5. Inventive Step

5.1. In view of the novelty analysis effected by the board in relation to document D7, the arguments relating to lack of inventive step advanced by the examining division are not that relevant to the characterising part of claim 1 because they do not bear on the provision of a reading region of changing curvature between the intermediate reading region and a peripheral portion of the lens and thus offer no convincing challenge on inventive step in relation to document D7. The skilled person producing the progressive lens with the lens power shown in figure 5(b) of document D7 would not have had any reason to deviate from the explicitly taught entire reading region of constant curvature as shown in figure 6(b). The curvature Rhot shown in Figure 6(a), i.e. the solution advocated by document D7, even looks to have a region of changing curvature and then a region of constant curvature towards the periphery, i.e. just the opposite of the present claim. Thus, although the board has no reason to question the position of the examining division about measurement of lens power in practice by the optician for checking the prescription, this approach is not directly relevant to the subject matter claimed. The board therefore found itself persuaded by the view of the appellant that the novel features of claim 1 provide a not obvious alternative solution to that of document D7 to the problem of making a progressive power lens with reduced weight and thickness as well as a good visual field.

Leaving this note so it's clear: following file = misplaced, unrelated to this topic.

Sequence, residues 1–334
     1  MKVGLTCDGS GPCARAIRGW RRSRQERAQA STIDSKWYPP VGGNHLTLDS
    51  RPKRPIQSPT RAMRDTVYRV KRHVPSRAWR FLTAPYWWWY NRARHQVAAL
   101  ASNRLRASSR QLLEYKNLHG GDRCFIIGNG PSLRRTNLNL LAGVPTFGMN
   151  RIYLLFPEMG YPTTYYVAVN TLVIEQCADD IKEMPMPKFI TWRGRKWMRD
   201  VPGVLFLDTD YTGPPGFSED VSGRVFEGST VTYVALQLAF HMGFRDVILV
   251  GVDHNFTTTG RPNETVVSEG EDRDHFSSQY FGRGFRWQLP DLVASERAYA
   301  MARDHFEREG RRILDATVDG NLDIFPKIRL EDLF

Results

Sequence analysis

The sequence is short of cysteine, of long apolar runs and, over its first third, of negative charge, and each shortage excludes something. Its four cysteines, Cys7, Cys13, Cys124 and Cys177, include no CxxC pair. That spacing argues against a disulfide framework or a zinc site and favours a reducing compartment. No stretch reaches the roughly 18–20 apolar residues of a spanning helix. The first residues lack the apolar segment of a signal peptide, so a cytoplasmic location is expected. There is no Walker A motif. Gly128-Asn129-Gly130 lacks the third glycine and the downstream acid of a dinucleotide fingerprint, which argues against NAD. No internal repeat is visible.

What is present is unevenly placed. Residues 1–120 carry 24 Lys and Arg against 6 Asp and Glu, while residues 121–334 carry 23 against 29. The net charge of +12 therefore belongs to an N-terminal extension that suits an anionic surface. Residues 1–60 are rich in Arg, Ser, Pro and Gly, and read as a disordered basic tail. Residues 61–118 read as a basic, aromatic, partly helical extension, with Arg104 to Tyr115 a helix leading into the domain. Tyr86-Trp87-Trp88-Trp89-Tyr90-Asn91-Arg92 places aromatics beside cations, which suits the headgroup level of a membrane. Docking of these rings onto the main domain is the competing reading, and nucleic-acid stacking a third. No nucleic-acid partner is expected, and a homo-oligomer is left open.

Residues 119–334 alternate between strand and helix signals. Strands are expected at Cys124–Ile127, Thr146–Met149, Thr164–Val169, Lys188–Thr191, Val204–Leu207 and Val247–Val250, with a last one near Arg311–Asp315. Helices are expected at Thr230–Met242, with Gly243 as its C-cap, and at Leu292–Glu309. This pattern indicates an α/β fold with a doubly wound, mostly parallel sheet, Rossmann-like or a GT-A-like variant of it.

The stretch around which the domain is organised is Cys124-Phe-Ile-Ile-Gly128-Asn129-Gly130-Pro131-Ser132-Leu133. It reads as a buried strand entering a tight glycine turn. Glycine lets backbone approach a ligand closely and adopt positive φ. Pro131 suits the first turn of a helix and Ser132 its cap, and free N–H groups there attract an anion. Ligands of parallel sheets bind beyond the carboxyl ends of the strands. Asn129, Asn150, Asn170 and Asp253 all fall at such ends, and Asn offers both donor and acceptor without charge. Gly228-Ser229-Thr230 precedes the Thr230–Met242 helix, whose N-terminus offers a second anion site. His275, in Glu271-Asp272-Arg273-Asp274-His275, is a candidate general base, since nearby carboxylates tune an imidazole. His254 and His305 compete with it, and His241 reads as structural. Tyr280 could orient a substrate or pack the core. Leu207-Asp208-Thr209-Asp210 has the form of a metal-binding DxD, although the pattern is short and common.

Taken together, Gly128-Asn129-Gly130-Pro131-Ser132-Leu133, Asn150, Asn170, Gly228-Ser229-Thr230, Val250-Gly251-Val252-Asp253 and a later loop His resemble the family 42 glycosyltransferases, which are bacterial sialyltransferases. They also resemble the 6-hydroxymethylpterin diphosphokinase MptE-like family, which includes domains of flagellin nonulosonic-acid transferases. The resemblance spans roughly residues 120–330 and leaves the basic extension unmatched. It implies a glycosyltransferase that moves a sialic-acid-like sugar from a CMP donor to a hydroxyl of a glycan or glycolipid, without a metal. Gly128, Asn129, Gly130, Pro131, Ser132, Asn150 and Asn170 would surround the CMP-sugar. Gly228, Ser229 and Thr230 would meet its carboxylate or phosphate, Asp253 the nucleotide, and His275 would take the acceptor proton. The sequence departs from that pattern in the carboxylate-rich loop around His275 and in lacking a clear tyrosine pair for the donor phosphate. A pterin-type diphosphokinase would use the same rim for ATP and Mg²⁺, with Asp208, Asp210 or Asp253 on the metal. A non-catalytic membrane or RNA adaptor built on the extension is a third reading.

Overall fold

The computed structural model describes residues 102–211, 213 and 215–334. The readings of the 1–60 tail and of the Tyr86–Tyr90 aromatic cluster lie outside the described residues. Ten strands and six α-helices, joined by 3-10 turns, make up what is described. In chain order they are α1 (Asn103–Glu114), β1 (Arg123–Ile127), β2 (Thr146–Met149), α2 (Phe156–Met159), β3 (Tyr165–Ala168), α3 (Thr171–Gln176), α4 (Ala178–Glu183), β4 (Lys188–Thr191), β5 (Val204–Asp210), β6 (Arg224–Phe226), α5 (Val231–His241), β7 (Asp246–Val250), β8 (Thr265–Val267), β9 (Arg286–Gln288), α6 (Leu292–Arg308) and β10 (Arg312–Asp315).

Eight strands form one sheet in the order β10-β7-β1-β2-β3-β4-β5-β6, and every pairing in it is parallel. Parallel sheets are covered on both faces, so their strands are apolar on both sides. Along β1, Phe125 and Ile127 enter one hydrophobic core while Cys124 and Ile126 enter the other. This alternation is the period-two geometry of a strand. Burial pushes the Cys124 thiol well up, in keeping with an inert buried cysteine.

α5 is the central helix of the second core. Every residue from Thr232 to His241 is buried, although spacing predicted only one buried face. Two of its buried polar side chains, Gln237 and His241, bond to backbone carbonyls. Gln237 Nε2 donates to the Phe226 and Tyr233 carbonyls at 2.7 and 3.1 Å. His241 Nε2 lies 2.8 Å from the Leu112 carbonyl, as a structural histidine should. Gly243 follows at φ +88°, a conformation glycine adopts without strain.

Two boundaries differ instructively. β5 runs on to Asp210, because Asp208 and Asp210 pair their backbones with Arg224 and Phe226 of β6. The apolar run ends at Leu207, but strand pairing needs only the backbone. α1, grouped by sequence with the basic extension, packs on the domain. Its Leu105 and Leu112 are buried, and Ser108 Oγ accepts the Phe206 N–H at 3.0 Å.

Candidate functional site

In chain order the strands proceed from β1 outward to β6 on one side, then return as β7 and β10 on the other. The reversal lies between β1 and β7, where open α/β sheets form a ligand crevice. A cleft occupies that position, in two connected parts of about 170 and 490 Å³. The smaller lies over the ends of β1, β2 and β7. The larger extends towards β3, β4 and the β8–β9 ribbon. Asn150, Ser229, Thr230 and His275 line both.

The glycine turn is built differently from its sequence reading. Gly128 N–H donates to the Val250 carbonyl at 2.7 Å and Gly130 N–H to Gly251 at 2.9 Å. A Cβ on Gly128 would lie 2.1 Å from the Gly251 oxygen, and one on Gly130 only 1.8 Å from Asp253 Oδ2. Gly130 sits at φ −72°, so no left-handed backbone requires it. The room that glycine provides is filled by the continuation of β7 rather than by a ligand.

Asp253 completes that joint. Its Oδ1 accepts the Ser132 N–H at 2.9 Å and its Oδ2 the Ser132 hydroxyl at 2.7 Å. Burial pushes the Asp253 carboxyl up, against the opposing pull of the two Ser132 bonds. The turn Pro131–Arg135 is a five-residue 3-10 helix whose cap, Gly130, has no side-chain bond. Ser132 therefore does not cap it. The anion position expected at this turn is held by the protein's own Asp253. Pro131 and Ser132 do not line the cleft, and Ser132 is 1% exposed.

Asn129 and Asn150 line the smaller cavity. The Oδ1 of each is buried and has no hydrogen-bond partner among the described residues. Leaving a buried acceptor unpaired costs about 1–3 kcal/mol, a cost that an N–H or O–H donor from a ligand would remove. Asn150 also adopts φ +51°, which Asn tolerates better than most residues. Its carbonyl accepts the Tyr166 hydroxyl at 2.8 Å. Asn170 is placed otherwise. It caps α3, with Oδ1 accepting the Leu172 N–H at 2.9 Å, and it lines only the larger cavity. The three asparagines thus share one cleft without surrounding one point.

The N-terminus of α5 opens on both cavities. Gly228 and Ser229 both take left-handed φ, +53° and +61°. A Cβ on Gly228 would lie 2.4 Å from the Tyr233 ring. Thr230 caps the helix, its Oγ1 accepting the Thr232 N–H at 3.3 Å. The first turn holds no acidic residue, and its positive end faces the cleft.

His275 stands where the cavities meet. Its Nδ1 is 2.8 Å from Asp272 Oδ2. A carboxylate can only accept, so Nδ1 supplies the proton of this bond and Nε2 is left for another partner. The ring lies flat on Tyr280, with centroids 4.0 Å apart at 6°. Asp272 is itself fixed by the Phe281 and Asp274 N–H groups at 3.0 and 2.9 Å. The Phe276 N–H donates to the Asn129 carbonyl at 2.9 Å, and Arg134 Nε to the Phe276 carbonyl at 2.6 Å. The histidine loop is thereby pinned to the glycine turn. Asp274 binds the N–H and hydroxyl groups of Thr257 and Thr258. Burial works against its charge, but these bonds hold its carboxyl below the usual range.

5.2. The remaining documents in the file are not more relevant to inventive step of the subject matter discussed in the foregoing than is document D7, thus detailed analysis of their content is not necessary in the context of this decision. On the basis of the file before it, the board thus has not seen a convincing line of argument challenging inventive step.

5.3. Therefore the board is satisfied that the subject matter of the independent claim can be considered to involve an inventive step within the meaning of Article 56 EPC.

6. Oral Proceedings

6.1. Since oral proceedings were requested only on an auxiliary basis, the for the appellant positive outcome of the appeal renders such proceedings unnecessary.

7. Further Procedure

7.1. The board having satisfied itself that the application and the invention to which it relates meet the requirements of the Convention, grant of a patent can be envisaged (Article 97(2) EPC).

ORDER

For these reasons it is decided that:

1. The decision under appeal is set aside.

2. The case is remitted to the first instance with the order to grant a patent on the basis of the following documents:

Description

(a) pages 1-3,8,17,21 and 24 as originally filed

(b) pages 4,7,9-16,18-20,22 and 23 as filed with the letter of 27. September 2004

Claims

1-5 filed with the letter of 27 September 2004

Drawings

Figures 1-11 as published.